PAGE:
Federal Government targets N1.5trn for police reforms

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President Goodluck Jonathan has revealed that the Federal Government is ready to spend N1.5 trillion to reform Police Force in Nigeria in the next five years.

The News Agency of Nigeria reports that Jonathan made this known at a two-day retreat on “Sustaining Nigeria Police Reforms,” in Makurdi on Thursday.

The event was organised by the Police Service Commission in conjunction with the Benue Government.

Represented by Senator Bala Mohammed, the Minister of the FCT, Jonathan said government was committed to building the capacity of the police force in the country through ongoing reforms.

Jonathan said that 60 per cent of the money would be provided by government, while the remaining 40 per cent would come from the private sector, including non-governmental organisations.

He assured that the Federal Government was committed to equipping the police for enhanced performance.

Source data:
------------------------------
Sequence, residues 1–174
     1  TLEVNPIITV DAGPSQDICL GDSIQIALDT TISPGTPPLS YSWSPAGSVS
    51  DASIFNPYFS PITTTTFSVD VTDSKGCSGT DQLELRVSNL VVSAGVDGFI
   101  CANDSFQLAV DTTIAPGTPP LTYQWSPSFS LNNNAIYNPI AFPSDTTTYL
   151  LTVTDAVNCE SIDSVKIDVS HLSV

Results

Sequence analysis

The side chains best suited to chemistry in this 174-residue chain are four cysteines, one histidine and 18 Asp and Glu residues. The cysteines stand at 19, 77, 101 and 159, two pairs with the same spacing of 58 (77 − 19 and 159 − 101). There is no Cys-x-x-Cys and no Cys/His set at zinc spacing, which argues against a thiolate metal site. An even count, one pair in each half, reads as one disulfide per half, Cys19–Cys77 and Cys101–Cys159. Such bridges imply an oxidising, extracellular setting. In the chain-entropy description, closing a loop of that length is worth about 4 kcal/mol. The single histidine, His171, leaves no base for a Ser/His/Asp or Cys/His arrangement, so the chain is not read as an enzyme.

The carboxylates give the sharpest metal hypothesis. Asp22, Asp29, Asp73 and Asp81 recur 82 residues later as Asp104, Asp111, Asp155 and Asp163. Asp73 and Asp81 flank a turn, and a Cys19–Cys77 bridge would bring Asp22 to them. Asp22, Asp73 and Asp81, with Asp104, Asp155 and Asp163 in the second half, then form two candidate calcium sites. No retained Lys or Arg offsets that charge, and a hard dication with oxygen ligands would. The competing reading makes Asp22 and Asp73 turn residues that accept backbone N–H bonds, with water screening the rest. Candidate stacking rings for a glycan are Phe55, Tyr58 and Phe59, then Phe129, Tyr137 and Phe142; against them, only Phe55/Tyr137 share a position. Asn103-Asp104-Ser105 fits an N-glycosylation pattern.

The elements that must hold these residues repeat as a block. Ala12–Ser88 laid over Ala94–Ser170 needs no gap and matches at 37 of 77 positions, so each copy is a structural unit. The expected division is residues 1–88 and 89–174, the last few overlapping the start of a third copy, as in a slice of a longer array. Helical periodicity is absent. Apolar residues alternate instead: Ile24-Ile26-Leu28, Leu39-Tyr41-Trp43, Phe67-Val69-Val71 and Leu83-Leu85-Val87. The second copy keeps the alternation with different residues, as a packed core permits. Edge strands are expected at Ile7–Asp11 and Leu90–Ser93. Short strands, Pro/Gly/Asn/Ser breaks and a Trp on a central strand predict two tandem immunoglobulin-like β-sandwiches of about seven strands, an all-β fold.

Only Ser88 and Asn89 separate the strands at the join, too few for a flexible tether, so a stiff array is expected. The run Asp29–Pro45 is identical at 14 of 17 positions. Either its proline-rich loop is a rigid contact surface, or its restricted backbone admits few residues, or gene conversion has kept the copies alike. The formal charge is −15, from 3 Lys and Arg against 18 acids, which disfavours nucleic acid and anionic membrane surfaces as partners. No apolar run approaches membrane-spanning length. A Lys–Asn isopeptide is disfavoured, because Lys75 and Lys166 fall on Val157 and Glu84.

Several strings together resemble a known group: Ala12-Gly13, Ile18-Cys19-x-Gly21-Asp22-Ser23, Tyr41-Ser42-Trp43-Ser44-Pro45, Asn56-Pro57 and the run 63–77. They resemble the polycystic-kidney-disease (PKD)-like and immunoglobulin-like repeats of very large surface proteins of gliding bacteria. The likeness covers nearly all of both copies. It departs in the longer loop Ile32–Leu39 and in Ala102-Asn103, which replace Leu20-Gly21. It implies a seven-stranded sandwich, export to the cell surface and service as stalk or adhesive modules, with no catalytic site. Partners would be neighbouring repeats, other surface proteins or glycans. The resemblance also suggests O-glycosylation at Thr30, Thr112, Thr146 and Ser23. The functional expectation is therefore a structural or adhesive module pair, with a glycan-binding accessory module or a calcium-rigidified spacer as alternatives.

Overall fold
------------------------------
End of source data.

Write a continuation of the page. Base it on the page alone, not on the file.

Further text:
The president urged the commission to build a police force that was impeccable and committed to ensuring the security of all Nigerians.

He said the Federal Government had accepted the recommendations of Governor Peter Obi’s committee on the police and would soon issue a white paper on it.

He advised participants at the retreat to contribute meaningfully to the topics, noting that such recommendations might help the government to tackle rising cases of insurgency in the country.

Benue State Governor, Gabriel Suswam, in his remark, said the police had to imbibe the discipline of being accountable to the elected representatives of the people.

Suswam said that by being accountable, the police would consult widely with the people through their representatives to reflect their views on police reforms.

The governor said reforms that never reflected the views of the people would be disregarded.

He called on the police to redouble their efforts in providing security to the people, especially as the country moves closer to elections.
Suswam condemned agitations for state police, pointing out that the country is not ripe enough to have state police.

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